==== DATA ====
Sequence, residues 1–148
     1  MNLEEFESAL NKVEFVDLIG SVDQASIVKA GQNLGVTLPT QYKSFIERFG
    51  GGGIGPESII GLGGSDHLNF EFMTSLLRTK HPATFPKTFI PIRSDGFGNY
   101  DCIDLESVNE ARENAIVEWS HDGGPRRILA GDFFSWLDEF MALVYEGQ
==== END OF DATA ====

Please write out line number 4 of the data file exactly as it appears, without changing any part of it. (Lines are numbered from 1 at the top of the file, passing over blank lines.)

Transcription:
   101  DCIDLESVNE ARENAIVEWS HDGGPRRILA GDFFSWLDEF MALVYEGQ